After take-of, everyone had eyeballs on the water to spot the tell-tale signs of whales, including their ‘footprint’ surface wake, air blows that can reach 3-6 metres in height, and surface ripples.

It didn’t take long to spot a young female and her calf.  However, protective of her baby, this lady wasn’t interested in playing and kept dodging the boat.

Whales are apparently like humans in this respect, overly protective and cautious of their first born, whereas a more experienced mother will be more relaxed about letting their calf get up close and be more inquisitive.

After half an hour of keeping a respectful distance and sensing the young mother wasn’t keen, the crew decided to move on, rather than try to get too close.

According to skipper Bill Carranza, this sensitivity to the whales is paramount.

“One of the things we want to do is make sure that this is sustainable. A positive experience with the whales will mean they will be more likely to have a positive interaction in the future”, he says.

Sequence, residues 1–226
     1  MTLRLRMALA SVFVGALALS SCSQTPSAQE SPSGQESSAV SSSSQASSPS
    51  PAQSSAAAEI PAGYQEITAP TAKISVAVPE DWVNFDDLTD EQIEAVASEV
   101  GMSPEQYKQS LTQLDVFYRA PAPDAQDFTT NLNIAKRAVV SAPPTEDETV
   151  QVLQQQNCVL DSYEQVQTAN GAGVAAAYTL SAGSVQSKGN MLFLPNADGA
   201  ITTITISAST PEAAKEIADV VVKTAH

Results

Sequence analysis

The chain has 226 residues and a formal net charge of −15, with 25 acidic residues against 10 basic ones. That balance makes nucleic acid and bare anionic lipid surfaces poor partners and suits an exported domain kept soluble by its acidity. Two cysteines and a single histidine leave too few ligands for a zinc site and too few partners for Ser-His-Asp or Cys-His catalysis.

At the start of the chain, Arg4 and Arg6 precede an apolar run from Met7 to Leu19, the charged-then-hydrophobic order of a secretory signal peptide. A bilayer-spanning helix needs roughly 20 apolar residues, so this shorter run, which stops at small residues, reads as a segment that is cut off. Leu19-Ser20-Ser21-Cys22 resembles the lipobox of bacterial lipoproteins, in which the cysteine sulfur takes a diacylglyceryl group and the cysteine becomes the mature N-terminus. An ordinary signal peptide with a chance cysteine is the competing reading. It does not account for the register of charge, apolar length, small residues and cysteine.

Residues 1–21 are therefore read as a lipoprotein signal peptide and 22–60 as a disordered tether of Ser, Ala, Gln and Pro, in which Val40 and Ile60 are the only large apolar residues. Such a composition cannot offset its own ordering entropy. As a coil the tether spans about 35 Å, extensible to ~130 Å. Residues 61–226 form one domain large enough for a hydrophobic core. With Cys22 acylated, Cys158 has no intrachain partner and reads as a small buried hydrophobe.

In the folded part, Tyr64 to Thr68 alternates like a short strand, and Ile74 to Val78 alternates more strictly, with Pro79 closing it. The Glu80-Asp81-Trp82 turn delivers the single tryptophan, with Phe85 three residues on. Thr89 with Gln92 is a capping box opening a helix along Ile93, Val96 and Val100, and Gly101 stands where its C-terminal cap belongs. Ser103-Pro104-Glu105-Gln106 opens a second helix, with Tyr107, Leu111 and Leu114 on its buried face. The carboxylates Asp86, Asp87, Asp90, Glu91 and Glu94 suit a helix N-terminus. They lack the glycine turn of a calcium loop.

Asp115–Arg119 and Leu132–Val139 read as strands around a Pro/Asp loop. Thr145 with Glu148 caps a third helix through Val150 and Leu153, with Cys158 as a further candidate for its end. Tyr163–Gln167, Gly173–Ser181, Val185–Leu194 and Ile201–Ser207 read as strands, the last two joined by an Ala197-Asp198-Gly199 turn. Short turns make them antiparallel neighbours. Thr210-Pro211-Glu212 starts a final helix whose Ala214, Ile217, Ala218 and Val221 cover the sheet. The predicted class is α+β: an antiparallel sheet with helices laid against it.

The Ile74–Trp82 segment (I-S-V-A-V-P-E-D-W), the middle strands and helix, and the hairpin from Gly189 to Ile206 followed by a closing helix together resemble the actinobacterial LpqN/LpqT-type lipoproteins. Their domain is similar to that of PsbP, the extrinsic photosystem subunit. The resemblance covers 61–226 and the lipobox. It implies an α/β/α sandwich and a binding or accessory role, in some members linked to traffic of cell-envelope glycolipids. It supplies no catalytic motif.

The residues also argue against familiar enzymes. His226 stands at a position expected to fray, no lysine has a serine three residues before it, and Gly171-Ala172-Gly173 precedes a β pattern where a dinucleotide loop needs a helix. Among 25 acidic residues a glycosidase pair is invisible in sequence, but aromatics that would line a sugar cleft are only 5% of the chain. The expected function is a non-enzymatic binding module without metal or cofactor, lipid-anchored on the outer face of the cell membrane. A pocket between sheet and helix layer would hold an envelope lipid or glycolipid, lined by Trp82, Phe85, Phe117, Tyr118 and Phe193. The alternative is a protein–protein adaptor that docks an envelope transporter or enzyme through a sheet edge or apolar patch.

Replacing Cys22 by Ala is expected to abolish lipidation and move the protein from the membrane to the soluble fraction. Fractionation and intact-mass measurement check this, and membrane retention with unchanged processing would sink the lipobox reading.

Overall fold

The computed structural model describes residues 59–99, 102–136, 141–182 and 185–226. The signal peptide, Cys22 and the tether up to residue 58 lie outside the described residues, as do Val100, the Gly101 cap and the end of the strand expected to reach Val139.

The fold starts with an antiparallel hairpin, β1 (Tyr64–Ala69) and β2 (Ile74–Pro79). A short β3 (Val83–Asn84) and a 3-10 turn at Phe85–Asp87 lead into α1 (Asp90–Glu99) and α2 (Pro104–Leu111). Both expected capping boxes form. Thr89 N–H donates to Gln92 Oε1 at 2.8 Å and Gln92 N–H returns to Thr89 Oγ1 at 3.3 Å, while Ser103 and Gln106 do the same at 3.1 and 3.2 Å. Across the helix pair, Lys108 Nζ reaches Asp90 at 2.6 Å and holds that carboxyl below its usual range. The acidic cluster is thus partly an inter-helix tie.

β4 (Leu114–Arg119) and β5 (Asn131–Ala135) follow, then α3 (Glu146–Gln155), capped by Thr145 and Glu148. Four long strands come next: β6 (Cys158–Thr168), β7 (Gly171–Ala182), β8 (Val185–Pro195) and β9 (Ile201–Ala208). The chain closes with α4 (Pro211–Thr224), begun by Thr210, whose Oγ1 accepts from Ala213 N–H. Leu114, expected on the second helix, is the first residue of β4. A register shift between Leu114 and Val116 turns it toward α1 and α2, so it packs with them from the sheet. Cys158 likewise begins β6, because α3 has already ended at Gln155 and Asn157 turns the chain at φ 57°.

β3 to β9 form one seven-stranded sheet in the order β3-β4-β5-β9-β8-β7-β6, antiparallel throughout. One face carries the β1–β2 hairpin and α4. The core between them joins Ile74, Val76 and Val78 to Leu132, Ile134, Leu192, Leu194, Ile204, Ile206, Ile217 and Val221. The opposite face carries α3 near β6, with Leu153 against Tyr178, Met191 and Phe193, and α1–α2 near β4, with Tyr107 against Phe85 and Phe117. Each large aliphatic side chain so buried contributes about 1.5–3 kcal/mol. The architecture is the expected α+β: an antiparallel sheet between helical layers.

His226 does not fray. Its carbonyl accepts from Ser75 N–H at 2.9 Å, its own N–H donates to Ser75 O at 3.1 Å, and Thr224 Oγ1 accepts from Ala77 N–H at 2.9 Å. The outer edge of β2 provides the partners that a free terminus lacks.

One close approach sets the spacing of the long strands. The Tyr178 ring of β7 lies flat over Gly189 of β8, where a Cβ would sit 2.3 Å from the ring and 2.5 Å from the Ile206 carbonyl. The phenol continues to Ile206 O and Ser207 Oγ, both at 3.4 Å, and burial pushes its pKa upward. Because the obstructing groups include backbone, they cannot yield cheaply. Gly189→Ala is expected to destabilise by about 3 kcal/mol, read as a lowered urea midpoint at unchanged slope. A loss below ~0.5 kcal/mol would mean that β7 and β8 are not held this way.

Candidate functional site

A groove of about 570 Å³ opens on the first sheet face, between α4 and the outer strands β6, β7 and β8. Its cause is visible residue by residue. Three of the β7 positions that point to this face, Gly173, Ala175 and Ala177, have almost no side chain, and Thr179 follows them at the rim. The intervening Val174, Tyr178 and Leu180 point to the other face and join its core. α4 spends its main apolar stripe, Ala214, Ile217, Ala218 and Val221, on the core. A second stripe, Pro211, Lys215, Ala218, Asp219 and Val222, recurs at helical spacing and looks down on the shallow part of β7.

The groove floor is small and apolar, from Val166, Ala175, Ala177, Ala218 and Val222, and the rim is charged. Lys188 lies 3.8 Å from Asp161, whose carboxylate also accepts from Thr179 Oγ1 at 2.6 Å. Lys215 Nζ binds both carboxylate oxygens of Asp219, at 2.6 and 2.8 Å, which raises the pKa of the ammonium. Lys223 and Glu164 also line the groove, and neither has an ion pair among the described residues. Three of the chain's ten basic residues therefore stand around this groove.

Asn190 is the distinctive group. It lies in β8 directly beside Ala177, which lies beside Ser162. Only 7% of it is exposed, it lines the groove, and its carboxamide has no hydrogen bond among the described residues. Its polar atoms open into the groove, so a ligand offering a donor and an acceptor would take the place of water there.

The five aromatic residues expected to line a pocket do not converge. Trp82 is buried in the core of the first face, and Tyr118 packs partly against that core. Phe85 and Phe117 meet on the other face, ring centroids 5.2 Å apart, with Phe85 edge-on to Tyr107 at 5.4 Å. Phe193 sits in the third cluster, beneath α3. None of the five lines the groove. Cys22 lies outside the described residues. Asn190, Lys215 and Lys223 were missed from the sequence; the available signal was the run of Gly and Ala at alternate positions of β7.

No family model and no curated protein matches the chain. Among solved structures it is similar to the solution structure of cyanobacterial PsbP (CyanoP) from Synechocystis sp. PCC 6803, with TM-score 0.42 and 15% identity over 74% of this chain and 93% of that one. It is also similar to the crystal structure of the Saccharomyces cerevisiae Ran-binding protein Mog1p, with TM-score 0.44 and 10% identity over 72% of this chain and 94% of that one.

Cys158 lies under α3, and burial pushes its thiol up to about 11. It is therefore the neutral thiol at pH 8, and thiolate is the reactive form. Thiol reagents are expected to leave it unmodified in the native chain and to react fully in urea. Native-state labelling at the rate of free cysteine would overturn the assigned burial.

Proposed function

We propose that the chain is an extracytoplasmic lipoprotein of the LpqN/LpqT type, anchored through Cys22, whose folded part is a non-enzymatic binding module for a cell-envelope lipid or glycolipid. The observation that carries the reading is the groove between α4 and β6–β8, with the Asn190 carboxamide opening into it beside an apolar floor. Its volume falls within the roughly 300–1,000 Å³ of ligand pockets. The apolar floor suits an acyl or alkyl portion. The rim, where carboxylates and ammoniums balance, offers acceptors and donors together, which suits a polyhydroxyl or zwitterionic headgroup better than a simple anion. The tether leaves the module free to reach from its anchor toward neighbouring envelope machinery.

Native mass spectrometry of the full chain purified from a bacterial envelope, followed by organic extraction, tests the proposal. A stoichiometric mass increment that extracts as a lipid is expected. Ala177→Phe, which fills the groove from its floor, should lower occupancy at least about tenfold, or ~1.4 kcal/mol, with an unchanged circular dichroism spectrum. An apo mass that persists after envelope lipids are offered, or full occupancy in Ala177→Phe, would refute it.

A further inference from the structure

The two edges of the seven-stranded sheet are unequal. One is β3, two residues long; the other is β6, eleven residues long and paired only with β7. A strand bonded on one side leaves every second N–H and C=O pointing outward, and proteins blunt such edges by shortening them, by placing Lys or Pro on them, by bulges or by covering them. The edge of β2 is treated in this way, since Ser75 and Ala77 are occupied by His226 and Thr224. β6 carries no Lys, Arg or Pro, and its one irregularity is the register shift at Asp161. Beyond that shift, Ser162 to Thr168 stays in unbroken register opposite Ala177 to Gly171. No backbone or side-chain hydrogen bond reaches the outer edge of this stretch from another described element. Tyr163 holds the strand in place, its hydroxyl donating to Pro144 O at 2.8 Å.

“It’s also out of the respect of the animal. She has got her baby there and if she doesn’t want us around we just need to respect that and stay away.

“Take later today when we had a baby whale pop right up in front of us and boom, throw that baby into neutral and just sit there and wait until you can find them again before continuing to move, so we can make sure they are absolutely safe”, he says.

Respect.

After five years at the helm of Swim with Whales, Bill has developed a reputation as something of a whale whisperer.

“For the majority, I can tell what the whale might be thinking of doing, and then yes, I can get a feel if they are going to be interested.